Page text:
The missing ground rule for Enterprise 2.0

In his MIT Sloan Management Review article, “Enterprise 2.0: The Dawn of Emergent Collaboration”, Andrew McAfee cites two “intelligent ground rules” that people building Enterprise 2.0 technologies are following

  1. Making sure the applications are easy to use.
  2. Avoiding any preconceived notions about categories or structure by building tools that let these aspects emerge.

I see some connections with this ground rule and the concept of rapid incrementalism that has been talked about by John Seely Brown. In this John Hagel talks briefly about rapid incrementalism as one of the responses to the IT Doesn’t Matter discussion kicked off by Nick Carr.

The two John’s position is that economic impact from IT comes from incremental innovations. Rapid incrementalism “enhances learning potential and creates opportunties for further innovations”.

This sounds very much like the type of emergence.

The design theory I have formulated from Webfuse includes a heavy emphasis on emergence. But it also combines it with aspects of Roger’s diffusion theory to address one of the challenges to Enterprise 2.0 identified by Andrew McAfee

The first is that busy knowledge workers won’t use the new technologies, despite training and prodding. Most people who use the Internet today aren’t bloggers, wikipedians or taggers. They don’t help produce the platform — they just use it. Will the situation be any different on company intranets? It’s simply too soon to tell.

Actually, I don’t think it is too soon to tell. The “build it and they will come” aproach doesn’t work with knowledge workers. There’s got to be something in it for them. This is the 9X email problem which Andrew McAfee has talked about.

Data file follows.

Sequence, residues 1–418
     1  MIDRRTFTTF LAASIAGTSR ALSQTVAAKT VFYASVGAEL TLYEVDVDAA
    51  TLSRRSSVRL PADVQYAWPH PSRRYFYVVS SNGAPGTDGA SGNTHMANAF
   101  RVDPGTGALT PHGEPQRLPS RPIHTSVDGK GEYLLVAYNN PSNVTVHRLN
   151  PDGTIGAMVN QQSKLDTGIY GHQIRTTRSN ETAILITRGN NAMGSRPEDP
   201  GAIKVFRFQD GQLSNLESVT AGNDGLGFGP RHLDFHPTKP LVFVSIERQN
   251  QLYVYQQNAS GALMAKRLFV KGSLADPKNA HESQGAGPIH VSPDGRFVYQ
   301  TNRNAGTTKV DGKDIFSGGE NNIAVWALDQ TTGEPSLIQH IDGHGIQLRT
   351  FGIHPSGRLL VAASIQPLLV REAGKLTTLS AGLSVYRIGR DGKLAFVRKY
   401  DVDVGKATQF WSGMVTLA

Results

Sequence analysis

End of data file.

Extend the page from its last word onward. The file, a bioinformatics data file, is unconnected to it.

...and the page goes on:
If you draw on the information systems literature you come to TAM (I talked about this before) which posits two main factors influencing adoption of technology

  1. Perceived ease of use
  2. Perceived usefulness
    1. Perceived usefulness is defined as

      The degree to which a person believes that using a particular system would enhance his or her job performance.

      So I think there’s a ground rule missing for Enterprise 2.0 applications. The must not only be easy to use, they must be useful.

      In an Enterprise 2.0 I believe the role for an organisation’s IT/IS people must change from supporting the technology or specific business processes to continually being on the look out for how to leverage the technology to increase perceived usefulness of the systems.

      This is how you encourage adoption and use by knowledge workers. By creating a trust that the information systems for an organisation are being developed to be useful to them.

2 thoughts on “The missing ground rule for Enterprise 2.0

  1. Your comment about usefulness is spot on.
    I’d add one more characteristic, efficiency of use. Sometime very easy is too slow. dont hold my hand when I can run…. that is why lots of folks still use command lines instead of menus.

    google, after all, is just a command line.

  2. G’day Thomas,

    I wonder if “efficiency of use” is wrapped up in percieved ease of use.

    The “perceived” part is important. It indicates that each individual is likely to have a different perception.

    My computer novice Grandmother will have a different perceived ease of use of a system than I will. She’ll require a lot more hand-holding in the system than I would. There’s a small connection between this and the standard GUI design advice to include short-cut keys for the expert users.


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